3. “Curb Your Enthusiasm” (Season 10, HBO) – Larry David and company return with 10 more funny premises, from the way a MAGA cap can get you out of situations you don’t want to be in, to more timeless annoyances such as your football team sucking – frustration with the Jets leads one of Larry’s friends to commit suicide. Dating all the way back to 2000, “Curb” has slowed down its production schedule, but every time it comes back, we’re reminded that the absurdity of the human condition is timeless. (Full review.)

2. “The Boys” (Season 2, Amazon Prime) – In a relatively (compared to last year and next) slow year for glossy superhero fiction, leave it to “The Boys” and The Seven to come through for us. Season 2 accelerates the examinations of back-corridor power and reputation-via-optics and how they impact our titular heroes, led by Jack Quaid’s Everyman Hughie and, in cute moments to savor, his girlfriend Starlight (Erin Moriarty). This season, they take on not only the unstable Highlander (Antony Starr) but also his ageless enabler Stormfront (Aya Cash). If that’s not enough, Karl Urban is on hand as TV’s unchallenged master of curse-laden one-liners.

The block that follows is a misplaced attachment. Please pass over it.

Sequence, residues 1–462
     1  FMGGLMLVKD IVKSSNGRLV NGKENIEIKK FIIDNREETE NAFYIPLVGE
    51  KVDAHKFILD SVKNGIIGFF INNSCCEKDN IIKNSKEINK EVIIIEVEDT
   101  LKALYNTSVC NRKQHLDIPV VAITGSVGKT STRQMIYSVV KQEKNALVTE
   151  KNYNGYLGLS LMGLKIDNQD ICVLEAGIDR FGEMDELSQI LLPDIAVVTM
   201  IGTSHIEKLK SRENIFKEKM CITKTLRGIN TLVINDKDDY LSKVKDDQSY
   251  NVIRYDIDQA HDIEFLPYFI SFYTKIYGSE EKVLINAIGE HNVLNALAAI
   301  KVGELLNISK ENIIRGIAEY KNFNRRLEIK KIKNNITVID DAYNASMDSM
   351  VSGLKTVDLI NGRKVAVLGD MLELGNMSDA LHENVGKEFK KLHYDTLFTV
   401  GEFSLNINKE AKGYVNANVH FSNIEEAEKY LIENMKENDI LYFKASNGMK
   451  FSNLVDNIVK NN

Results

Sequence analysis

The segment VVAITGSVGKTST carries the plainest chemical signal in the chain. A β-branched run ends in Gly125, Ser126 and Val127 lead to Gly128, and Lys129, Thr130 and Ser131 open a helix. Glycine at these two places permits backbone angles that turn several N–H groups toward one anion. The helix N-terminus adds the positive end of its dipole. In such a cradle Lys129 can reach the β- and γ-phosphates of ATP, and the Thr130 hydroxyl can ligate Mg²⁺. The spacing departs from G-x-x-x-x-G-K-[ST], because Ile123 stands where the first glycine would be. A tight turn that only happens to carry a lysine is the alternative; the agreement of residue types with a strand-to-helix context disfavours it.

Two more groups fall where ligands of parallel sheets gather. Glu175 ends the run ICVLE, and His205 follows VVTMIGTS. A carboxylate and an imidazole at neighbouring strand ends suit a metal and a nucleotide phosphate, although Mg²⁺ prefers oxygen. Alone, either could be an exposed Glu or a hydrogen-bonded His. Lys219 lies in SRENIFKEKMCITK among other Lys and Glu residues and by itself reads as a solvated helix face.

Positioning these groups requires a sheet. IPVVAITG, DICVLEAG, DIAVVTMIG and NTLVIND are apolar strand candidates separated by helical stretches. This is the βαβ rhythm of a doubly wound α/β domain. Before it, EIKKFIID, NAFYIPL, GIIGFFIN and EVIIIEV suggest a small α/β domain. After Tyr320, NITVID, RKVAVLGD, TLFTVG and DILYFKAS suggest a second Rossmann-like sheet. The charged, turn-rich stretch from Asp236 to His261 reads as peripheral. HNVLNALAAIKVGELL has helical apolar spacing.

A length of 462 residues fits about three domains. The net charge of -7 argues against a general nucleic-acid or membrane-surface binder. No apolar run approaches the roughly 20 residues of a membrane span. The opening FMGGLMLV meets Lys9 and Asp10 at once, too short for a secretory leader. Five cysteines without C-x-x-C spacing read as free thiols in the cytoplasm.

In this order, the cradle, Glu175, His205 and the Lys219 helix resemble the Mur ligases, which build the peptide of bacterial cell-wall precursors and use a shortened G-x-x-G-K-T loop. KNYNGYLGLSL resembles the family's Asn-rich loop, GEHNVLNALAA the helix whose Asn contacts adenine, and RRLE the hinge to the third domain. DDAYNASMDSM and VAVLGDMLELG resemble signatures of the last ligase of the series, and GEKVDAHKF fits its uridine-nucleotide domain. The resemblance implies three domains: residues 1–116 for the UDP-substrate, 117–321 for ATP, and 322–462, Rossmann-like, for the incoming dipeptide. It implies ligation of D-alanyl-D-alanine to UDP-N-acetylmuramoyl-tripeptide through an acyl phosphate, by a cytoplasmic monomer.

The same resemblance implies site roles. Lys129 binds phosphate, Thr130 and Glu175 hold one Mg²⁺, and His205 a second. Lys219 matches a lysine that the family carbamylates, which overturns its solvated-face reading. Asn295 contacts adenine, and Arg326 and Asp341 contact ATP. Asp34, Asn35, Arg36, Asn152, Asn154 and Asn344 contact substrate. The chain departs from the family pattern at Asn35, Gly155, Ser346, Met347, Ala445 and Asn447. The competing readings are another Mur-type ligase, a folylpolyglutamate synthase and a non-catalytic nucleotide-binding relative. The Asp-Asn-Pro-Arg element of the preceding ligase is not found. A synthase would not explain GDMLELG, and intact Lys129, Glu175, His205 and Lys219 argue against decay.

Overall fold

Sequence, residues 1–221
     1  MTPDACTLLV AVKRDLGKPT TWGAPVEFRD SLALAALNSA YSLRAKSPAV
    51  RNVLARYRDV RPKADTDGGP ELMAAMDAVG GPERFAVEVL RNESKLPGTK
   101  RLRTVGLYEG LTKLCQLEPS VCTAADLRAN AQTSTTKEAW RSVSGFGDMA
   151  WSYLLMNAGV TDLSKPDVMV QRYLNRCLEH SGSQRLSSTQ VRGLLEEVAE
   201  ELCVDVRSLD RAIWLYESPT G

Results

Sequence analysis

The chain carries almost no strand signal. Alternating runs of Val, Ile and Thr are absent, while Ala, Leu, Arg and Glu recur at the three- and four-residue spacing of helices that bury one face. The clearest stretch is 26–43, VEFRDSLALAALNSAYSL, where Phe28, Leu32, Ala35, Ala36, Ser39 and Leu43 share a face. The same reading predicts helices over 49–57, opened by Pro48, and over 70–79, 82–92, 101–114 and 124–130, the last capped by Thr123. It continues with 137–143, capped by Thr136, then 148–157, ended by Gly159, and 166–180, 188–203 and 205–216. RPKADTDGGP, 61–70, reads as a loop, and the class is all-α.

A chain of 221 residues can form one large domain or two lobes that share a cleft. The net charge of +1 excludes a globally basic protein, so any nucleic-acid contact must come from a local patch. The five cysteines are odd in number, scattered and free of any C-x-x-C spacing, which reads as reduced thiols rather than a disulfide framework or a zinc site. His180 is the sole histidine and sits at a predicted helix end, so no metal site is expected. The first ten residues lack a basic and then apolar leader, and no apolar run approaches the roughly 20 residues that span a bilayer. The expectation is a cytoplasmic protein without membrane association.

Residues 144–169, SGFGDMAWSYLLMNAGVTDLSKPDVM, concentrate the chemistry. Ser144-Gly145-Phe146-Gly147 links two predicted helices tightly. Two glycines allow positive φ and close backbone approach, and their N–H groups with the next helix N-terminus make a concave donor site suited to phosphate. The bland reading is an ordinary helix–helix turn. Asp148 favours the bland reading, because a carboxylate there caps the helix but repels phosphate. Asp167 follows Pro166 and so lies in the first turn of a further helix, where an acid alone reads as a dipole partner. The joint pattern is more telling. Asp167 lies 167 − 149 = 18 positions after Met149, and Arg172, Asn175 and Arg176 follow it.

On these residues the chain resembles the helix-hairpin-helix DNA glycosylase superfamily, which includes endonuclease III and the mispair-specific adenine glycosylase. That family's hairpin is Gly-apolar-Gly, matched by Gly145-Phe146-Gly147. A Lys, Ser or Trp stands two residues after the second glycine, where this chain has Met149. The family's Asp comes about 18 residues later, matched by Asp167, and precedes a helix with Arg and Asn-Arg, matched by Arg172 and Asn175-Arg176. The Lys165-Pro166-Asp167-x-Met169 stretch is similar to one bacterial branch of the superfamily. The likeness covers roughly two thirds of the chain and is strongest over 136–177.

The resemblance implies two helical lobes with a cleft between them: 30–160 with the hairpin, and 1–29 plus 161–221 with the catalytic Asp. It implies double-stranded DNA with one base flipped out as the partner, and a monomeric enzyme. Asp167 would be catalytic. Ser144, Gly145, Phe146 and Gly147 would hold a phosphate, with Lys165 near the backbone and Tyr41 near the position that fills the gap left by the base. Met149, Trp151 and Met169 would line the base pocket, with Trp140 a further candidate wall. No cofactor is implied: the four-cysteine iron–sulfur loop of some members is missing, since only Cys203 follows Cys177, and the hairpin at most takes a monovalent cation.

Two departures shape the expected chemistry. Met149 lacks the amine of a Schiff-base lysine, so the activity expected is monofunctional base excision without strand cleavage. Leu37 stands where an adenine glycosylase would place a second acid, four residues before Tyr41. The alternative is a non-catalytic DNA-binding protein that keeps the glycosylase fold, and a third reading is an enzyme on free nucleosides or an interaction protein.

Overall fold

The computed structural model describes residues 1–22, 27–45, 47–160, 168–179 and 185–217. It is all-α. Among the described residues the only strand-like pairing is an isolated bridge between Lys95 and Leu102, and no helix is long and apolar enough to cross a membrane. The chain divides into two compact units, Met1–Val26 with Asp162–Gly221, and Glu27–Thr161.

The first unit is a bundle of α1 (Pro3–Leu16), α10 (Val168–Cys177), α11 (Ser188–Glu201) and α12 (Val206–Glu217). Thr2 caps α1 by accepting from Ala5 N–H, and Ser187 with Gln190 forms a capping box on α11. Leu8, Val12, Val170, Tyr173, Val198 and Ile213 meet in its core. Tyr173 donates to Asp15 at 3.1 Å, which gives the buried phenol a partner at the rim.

1. “The Queen’s Gambit” (miniseries, Netflix) – Anya Taylor-Joy clinches a spot as one of our best young actresses in this novel adaptation about a young woman who becomes a world-class chess player in the 1960s and ’70s. Interest in (or even knowledge of) chess is not a prerequisite for this series featuring settings and fashions that drip with nostalgia. Against that luscious backdrop, we’re caught up in immediate concerns over orphan Beth’s living situation, potential boyfriends (I’m still wondering if Beth-and-Townes can somehow happen) and tournament success. In such a weird year, it’s fitting that a series about chess, of all things, was among 2020’s most popular TV shows – and its best. (Full review.)

What were your top 10 TV shows of 2020? Share your list in the comment thread.